[¶8] Using State funds totaling more than $8,500,000, HCCD made the repairs to the dam and water conveyance system. In addition, the State constructed various improvements next to the reservoir, including camping facilities, restrooms, and a boat ramp. Most of the improvements were located on HCCD lands in Section 9. The rest of the public facilities were located immediately to the south on State land in Section 16.

[¶9] On September 11, 2006, HCCD entered into a contract for deed to sell forty acres in Section 9 to Phase 23, LLC. The forty acres included many of the public improvements constructed by the State. The only members of Phase 23 were Ronald and Dorothy Buchhammer. The Buchhammers were members of HCCD when the project agreements were submitted to the district court for approval, and they offered no objections to the agreements. In addition, at the time Phase 23 entered into the contract for deed, Mr. Buchhammer was employed by HCCD as its superintendent. After the contract for deed was executed and notice was given to the State that the property had been sold, Mr. Buchhammer put up a gate and no trespassing signs, thereby terminating public access to the recreation area. [¶10] The State filed this action seeking a judgment declaring that the public had the right to perpetual access to HCCD lands adjacent to the reservoir. It also filed a motion for injunctive relief to require HCCD and Phase 23 to restore public access to the area. HCCD and Phase 23 responded and counterclaimed for declaratory relief and monetary damages for the State's use of HCCD property. The district court granted the State's motion for injunctive relief, and dismissed all of HCCD's claims except for the declaratory judgment claim, concluding that the dismissed claims were barred by the Wyoming Governmental Claims Act, Wyo. Stat. Ann. § 1-39-101 et seq. and Wyo. Const. art. 16, § 7.*fn4

[¶11] The State then filed a motion for summary judgment. After considering the parties' voluminous filings, the district court granted summary judgment in favor of the State. It ruled that the project agreement granted the State perpetual public recreational use access to Hawk Springs Reservoir and HCCD's land adjacent to the reservoir. The district court stated that HCCD's attempts to challenge the State's improvements on HCCD lands were barred by contract law, laches, estoppel and the applicable statutes of limitations. The district court also ruled that Phase 23 was not a bona fide purchaser and could not, therefore, challenge the State's public access interest. HCCD and Phase 23 filed a timely notice of appeal.


[¶12] Our standard for reviewing summary judgment orders is well known:

Summary judgment is appropriate when there are no genuine issues of material fact and the moving party is entitled to judgment as a matter of law. W.R.C.P. 56(c); Metz Beverage Co. v. Wyoming Beverages, Inc., 2002 WY 21, ¶ 9, 39 P.3d 1051, 1055 (Wyo.2002). "A genuine issue of material fact exists when a disputed fact, if it were proven, would establish or refute an essential element of a cause of action or a defense that the parties have asserted." Id. Because summary judgment involves a purely legal determination, we undertake de novo review of a trial court's summary judgment decision. Glenn v. Union Pacific R.R. Co., 2008 WY 16, ¶ 6, 176 P.3d 640, 642 (Wyo.2008).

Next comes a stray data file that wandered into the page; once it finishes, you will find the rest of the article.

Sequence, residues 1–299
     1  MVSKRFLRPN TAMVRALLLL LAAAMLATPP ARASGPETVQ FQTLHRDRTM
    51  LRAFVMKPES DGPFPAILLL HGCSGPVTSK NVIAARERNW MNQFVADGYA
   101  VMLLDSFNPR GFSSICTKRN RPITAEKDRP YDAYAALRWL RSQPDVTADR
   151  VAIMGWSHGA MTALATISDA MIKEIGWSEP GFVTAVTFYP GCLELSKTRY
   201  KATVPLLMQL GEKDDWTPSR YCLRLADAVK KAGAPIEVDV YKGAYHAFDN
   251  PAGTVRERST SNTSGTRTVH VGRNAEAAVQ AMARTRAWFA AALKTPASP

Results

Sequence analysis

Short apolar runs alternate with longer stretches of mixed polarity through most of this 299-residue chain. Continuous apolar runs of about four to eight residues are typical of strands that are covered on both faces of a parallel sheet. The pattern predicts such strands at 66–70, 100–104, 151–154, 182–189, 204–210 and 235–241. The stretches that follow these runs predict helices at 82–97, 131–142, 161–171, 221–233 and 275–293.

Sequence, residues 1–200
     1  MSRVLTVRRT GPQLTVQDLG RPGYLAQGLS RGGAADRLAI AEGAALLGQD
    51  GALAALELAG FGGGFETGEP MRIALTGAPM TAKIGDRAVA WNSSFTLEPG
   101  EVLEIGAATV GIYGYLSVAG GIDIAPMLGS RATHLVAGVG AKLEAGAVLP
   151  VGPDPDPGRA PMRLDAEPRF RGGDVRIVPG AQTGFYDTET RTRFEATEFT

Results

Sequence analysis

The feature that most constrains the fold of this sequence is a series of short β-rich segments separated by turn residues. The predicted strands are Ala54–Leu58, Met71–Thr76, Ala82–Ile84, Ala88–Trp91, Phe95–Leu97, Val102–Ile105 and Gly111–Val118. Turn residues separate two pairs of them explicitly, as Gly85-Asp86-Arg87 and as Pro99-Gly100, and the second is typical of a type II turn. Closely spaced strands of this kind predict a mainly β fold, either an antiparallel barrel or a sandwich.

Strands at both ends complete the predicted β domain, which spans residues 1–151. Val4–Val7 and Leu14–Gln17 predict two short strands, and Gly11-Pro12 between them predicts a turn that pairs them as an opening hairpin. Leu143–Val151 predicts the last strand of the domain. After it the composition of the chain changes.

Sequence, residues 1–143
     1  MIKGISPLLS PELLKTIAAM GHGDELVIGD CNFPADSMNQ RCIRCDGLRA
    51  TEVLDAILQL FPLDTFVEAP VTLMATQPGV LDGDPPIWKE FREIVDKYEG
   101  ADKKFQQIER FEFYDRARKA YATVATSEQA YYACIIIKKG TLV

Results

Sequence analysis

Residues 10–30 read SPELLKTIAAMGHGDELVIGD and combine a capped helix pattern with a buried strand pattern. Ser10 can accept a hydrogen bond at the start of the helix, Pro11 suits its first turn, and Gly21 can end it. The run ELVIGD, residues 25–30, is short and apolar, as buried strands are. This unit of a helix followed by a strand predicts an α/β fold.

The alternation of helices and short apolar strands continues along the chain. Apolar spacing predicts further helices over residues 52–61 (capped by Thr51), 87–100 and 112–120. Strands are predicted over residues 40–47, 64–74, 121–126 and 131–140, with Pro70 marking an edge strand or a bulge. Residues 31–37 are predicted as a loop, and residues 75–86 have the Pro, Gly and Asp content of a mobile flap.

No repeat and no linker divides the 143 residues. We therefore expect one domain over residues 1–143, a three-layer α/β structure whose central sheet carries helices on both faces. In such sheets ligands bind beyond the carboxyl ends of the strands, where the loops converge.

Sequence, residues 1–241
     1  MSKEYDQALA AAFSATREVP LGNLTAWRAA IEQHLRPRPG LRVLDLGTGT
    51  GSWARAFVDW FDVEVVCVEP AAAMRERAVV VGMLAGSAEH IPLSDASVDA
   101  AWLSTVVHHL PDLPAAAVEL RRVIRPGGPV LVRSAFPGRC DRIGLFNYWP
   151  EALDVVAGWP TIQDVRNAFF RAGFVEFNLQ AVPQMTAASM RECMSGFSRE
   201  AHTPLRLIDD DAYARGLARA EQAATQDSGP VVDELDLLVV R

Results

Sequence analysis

Jacobs Ranch Coal Co. v. Thunder Basin Coal Co., LLC, 2008 WY 101, ¶ 8, 191 P.3d 125, 128-29 (Wyo.2008). We view the facts from the vantage point most favorable to the party opposing the motion, and give that party the benefit of all favorable inferences that may fairly be drawn from the record. Brumbaugh v. Mikelson Land Co., 2008 WY 66, ¶ 11, 185 P.3d 695, 701 (Wyo.2008).

Riverview Heights Homeowners' Association v. Rislov, 2009 WY 55, ¶ 7, 205 P.3d 1035, 1038 (Wyo. 2009). We are not bound by the district court's legal reasoning and "may affirm the summary judgment on any legal grounds appearing in the record." Voss v. Goodman, 2009 WY 40, ¶ 9, 203 P.3d 415, 419 (Wyo. 2009), quoting Wyoming Cmty. College Comm'n v. Casper Cmty. College Dist., 2001 WY 86, ¶ 11, 31 P.3d 1242, 1247 (Wyo. 2001).


1. Statutory Provisions Pertaining to Public Access

[¶13] Wyo. Stat. Ann. §§ 41-2-216 through -218 provided State funding for the reconstruction of Hawk Springs Reservoir. It included a provision expressly pertaining to public access to the reservoir and adjacent lands for recreational purposes. We must interpret the statute to determine whether public access to HCCD land adjacent to the reservoir is required.

[¶14] Our statutory interpretation rules are well-known. Statutory interpretation is a question of law. Krenning v. Heart Mountain Irrigation Dist., 2009 WY 11, ¶ 9, 200 P.3d 774, 778 (Wyo. 2009). Our paramount consideration is the legislature's intent as reflected in the plain and ordinary meaning of the words used in the statute. Initially, we determine whether the statute is clear or ambiguous.

A statute is clear and unambiguous if its wording is such that reasonable persons are able to agree on its meaning with consistency and predictability. Conversely, a statute is ambiguous if it is found to be vague or uncertain and subject to varying interpretations. If we determine that a statute is clear and unambiguous, we give effect to the plain language of the statute.

Id., quoting RK v. State ex rel. Natrona County Child Support Enforcement Dep't, 2008 WY 1, ¶ 10, 174 P.3d 166, 169 (Wyo. 2008). In interpreting a statute, we will not ignore other statutory provisions pertaining to the same subject but will, instead, consider all such provisions in pari materia. Qwest Corp. v. Public Service Comm'n of Wyoming, 2007 WY 97, ¶ 22, 161 P.3d 495, 501 (Wyo. 2007).

[ΒΆ15] The language and context of the relevant statutes are critical to our decision. Consequently, despite its length, we quote the majority of ...